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Featured Articles on Parenting

We all know that parenting is a challenging job. To continuously give of your time and energy to a little person with so many needs can drain the resources of even the deepest well of love. When your own well is dry, you cannot give to another person. That is why you must take care of yourself in order to nurture your child.

Prevention (Before you lose your temper)

Get a "Parent Buddy." This is a trusted adult who understands the stresses of parenthood. Having a "Parent Buddy" is a necessity. Find someone before the stresses of parenthood build. Find someone that will LISTEN to you and be there for you no matter what. Most importantly, your "Parent Buddy" is someone who will come and relieve you of childcare if you just ask. They will take care of your child safely for an hour or a day when you need them; they will do so with unconditional love and support. AND, you will do the same for them, if necessary.

  • Change your routine; break up work with rest or play
  • Surround yourself with music, poetry, and pleasant scents: things that lift your spirit
  • Sing, dance to a favorite video, shoot some hoops or enjoy other physical activity with your children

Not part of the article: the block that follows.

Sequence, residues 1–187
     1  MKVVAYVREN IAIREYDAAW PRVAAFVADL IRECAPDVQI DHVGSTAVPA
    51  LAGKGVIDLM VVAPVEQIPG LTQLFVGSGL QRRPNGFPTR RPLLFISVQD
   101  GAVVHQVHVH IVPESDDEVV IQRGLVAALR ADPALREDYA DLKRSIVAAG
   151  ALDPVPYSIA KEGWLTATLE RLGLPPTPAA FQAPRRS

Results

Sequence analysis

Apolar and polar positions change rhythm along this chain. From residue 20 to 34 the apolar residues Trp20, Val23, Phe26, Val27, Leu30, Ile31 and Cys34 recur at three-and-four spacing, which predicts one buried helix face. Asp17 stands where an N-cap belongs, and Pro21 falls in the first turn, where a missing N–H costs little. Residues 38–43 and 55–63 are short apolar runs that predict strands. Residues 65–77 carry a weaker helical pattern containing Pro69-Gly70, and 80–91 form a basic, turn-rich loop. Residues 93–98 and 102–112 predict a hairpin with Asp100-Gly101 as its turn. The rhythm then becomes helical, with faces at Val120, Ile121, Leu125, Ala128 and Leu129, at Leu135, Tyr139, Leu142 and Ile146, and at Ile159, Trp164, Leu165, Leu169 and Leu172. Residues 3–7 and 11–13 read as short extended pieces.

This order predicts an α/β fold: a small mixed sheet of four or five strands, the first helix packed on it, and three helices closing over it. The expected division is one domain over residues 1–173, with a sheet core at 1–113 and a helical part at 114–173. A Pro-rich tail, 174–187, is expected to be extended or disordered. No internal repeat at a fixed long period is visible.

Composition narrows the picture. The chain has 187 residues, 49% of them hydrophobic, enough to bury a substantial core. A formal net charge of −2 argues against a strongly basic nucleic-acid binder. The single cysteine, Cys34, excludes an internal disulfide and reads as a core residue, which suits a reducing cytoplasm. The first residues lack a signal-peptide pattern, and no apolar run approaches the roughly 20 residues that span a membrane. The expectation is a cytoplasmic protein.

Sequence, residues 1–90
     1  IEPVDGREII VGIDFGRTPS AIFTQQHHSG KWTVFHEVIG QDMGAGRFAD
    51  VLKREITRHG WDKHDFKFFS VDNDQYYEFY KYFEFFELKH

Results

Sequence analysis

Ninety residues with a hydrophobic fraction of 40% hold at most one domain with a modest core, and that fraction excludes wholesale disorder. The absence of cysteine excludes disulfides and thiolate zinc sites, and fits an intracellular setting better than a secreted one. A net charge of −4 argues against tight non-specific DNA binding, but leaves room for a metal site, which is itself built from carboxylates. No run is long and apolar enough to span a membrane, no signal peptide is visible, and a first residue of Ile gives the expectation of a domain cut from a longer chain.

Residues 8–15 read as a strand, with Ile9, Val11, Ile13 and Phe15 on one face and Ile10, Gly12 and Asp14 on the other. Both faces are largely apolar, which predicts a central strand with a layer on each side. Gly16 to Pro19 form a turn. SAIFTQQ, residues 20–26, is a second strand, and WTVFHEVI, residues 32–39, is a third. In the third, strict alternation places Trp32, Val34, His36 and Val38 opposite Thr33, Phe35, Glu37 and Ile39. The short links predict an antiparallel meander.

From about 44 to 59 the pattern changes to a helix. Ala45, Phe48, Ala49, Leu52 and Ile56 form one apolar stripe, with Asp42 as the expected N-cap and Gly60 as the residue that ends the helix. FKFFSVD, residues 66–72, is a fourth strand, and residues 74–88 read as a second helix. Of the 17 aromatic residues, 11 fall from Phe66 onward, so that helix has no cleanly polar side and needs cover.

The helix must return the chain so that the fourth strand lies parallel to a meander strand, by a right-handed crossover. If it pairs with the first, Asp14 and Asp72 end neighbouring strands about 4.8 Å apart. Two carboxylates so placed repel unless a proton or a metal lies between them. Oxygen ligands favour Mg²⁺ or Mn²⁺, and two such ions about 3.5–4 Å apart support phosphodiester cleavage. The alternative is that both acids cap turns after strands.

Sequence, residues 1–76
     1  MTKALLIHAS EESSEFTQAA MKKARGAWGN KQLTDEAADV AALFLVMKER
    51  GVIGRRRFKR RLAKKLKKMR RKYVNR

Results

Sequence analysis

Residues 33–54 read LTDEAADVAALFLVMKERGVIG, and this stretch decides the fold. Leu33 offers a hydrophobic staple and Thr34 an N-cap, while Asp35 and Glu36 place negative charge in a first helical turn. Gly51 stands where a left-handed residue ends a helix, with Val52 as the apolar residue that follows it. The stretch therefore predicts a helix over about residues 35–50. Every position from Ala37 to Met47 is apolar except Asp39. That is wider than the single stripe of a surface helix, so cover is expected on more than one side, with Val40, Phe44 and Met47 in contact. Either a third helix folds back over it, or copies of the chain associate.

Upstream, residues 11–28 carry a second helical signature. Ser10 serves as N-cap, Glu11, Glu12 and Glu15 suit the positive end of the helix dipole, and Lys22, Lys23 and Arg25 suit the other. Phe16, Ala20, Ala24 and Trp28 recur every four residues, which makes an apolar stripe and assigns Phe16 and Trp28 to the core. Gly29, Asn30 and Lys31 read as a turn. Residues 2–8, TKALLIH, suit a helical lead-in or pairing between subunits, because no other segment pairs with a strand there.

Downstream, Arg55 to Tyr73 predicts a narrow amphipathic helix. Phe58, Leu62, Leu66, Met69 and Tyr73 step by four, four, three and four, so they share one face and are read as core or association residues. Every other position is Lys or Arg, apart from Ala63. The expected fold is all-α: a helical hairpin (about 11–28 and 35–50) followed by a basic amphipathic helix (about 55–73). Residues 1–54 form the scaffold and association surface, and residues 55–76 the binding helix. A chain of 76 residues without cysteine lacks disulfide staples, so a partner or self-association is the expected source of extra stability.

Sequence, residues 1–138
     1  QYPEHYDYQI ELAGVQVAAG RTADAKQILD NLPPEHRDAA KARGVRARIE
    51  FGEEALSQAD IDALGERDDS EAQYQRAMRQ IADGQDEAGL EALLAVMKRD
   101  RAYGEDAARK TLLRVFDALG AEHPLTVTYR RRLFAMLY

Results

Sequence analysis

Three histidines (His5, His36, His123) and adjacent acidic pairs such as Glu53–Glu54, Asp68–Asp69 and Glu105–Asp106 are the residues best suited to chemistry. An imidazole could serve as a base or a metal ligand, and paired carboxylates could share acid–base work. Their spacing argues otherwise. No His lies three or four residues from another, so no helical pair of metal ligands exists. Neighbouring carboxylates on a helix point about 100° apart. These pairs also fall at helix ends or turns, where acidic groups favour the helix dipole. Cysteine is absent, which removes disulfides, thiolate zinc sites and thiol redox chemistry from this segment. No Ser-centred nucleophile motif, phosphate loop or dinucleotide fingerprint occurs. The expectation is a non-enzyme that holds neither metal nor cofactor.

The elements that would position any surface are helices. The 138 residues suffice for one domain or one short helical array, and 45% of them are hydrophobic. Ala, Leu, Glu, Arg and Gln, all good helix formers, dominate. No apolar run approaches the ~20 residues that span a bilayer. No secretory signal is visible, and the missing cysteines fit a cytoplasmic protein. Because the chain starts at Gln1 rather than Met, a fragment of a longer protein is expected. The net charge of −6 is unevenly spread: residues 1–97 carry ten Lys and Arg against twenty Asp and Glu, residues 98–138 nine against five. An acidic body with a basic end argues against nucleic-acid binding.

• Avoid people and situations that are not helpful
  • Allow positive thoughts to enter in
  • Breathe in cool, calming air; breath out hot, stressful air

When your child is safely napping or in school, it's your time:

  • Take this opportunity to nurture yourself!
  • Visualize a calming place for you: the beach, the mountains, a green forest trail
  • Write in your journal
  • E-mail a friend
  • Draw, paint, create with clay

Intervention (When you are about to lose your temper)

Every person who has taken care of a child recognizes that there are times when adults lose their patience, their sense of humor, their loving attitude, and even their temper. Taking a parent's Time Out is for those times:

1. Get your Parent Buddy, or your child's other parent, grandparent, aunt or uncle, godparent, or other trusted adults to provide overnight respite care for your child either at your home or theirs.

2. Get your spouse or other trusted relative in the home to take night call, so you can get a full night's sleep. Or, get them to cover for you for 1-2 hours while you take a warm bubble bath, phone a friend, or take a brisk walk. (It is not recommended that you drive a vehicle when you are angry)

3. When you think you just cannot take it anymore and you may snap and say or do something you will regret later, make sure your child is in a safe place (put baby in a crib or playpen). Next, walk into another room; count to 10 or 30 or 100 until you are back in control. Then, go back to reassure your child that he/she is still loved and safe.
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